This curious mind is easily captivated by anything novel. They love new ideas and fresh angles on things. They always want the latest high-tech gadgets. Many Sulphurs never grow up, remaining overgrown schoolboys. Yellow is a play colour and Sulphurs love to play and to have toys. As they get older these toys become ever more expensive and sophisticated. Sulphur cannot bear to part with anything. His garage is filled with old junk and useless bits and pieces which he refuses to throw away, in case they should someday come in handy. The more discerning Sulphur becomes a serious collector of coins, stamps, art works, books or wine.

From an early age they have a remarkably well-developed sense of monetary value and soon develop an aptitude for business and a talent for making money. Keeping it may be more difficult. 

From childhood they are good with their hands and love constructing things. They are fascinated by anything mechanical and electrical, and seem to possess an instinctive knowledge of how they work. They are people who like to get their hands dirty or greasy. Either as a profession or a hobby, they enjoy building, restoring and doing maintenance work. Likewise, gardening and farming appeal to them. They have “green fingers”. They love nature and animals, and yet also love hunting, and are unable to perceive the contradiction in this.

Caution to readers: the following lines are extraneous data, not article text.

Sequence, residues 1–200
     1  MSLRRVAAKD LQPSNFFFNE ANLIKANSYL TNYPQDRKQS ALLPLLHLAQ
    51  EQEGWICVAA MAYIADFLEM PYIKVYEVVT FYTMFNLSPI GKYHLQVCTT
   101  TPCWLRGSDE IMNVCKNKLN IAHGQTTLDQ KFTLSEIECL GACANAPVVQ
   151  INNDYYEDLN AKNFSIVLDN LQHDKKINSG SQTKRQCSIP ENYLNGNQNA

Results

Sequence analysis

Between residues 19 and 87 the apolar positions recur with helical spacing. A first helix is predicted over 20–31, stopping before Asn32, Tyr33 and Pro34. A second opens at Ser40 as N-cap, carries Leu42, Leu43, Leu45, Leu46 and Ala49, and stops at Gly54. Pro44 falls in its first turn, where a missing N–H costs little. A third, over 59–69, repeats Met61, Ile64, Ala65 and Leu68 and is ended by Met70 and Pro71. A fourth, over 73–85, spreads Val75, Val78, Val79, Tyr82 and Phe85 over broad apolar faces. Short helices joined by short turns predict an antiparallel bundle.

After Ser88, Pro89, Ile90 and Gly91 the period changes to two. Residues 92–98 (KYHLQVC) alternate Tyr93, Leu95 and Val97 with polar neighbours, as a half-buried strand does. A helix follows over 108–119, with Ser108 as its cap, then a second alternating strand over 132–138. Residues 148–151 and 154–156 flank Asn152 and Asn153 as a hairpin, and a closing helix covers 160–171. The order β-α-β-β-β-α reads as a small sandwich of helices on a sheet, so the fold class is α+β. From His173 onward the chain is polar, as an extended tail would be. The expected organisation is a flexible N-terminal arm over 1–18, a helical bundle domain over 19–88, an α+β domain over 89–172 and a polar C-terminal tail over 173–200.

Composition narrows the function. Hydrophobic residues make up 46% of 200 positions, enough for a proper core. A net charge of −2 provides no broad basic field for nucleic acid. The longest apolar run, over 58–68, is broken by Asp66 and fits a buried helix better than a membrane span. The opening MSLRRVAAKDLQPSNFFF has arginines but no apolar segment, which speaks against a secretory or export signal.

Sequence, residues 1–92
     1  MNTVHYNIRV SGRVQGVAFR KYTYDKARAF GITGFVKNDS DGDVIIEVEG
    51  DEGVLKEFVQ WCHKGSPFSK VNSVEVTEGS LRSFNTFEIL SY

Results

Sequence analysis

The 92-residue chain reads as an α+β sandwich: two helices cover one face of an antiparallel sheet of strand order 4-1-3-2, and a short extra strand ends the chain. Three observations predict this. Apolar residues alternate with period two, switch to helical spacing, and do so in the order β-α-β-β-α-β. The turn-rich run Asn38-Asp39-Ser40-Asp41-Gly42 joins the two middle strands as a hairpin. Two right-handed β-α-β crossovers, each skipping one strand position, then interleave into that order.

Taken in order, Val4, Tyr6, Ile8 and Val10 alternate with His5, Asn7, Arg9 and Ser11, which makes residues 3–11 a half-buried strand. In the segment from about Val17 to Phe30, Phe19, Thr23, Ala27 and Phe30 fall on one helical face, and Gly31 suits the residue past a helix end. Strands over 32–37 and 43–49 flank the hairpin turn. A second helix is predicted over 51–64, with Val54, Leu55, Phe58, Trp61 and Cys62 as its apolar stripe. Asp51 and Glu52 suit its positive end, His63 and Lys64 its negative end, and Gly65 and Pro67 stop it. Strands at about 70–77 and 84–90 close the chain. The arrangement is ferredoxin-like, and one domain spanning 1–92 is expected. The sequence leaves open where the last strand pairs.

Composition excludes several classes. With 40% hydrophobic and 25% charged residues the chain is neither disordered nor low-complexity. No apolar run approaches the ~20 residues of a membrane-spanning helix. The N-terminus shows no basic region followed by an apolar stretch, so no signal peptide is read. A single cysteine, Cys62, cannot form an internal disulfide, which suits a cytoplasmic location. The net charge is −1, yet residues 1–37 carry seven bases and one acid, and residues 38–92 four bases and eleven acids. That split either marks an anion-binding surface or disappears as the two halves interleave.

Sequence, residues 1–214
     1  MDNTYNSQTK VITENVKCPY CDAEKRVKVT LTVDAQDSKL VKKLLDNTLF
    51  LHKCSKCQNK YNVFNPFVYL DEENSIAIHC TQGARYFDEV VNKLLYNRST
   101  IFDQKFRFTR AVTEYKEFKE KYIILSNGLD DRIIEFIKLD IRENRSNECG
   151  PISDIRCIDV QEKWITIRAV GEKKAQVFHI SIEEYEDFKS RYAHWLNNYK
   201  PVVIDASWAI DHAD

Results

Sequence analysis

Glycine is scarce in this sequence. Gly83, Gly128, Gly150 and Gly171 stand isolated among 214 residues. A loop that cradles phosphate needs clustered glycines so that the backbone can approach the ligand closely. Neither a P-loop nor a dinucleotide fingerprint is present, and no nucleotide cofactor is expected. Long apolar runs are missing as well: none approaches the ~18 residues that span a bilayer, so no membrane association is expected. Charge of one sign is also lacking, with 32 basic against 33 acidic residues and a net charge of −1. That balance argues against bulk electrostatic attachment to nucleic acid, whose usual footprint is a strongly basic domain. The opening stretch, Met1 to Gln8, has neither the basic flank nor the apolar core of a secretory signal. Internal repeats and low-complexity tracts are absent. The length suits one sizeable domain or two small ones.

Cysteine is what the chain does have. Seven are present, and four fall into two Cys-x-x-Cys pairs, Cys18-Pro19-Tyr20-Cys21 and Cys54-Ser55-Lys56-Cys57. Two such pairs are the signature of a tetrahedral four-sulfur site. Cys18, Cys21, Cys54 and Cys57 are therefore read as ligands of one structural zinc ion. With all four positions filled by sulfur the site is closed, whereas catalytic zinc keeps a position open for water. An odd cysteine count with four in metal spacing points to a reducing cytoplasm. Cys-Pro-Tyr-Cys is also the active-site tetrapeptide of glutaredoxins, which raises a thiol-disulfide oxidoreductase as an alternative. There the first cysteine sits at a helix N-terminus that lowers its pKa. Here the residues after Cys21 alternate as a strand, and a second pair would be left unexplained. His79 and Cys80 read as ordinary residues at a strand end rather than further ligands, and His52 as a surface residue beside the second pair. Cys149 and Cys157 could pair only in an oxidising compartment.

Yellow captures the eye, it communicates, and may even intrude into our awareness. Sulphur is a good communicator. He dominates and monopolises conversations, loves the sound of his own voice, claims centre stage as his right and from this vantage point pontificates to one and all. Often they are highly entertaining, being consummate raconteurs, who enjoy an amazing vocabulary, a wonderful skill with languages and are blessed with a prodigious memory. They are often involved in the media as journalists, announcers, commentators, critics or entertainers.

Sulphur burns with a blue flame indicating an affinity for the venous system and the venous circulation. It is a remedy for haemorrhoids and varicose veins. The inflamed tissues and mucus membranes of the Sulphur case are bluish in colour and not red as in most other remedies.

DAVID LILLEY is a Fellow of the Faculty of Homeopathy. He trained at the Royal London Homoeopathic Hospital and developed his practice in South Africa over the last 35 years. He is internationally renowned as a teacher of the materia medica.